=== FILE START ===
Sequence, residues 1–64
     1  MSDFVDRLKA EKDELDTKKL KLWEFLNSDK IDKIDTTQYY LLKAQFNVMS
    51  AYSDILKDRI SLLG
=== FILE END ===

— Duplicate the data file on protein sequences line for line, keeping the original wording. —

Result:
Sequence, residues 1–64
     1  MSDFVDRLKA EKDELDTKKL KLWEFLNSDK IDKIDTTQYY LLKAQFNVMS
    51  AYSDILKDRI SLLG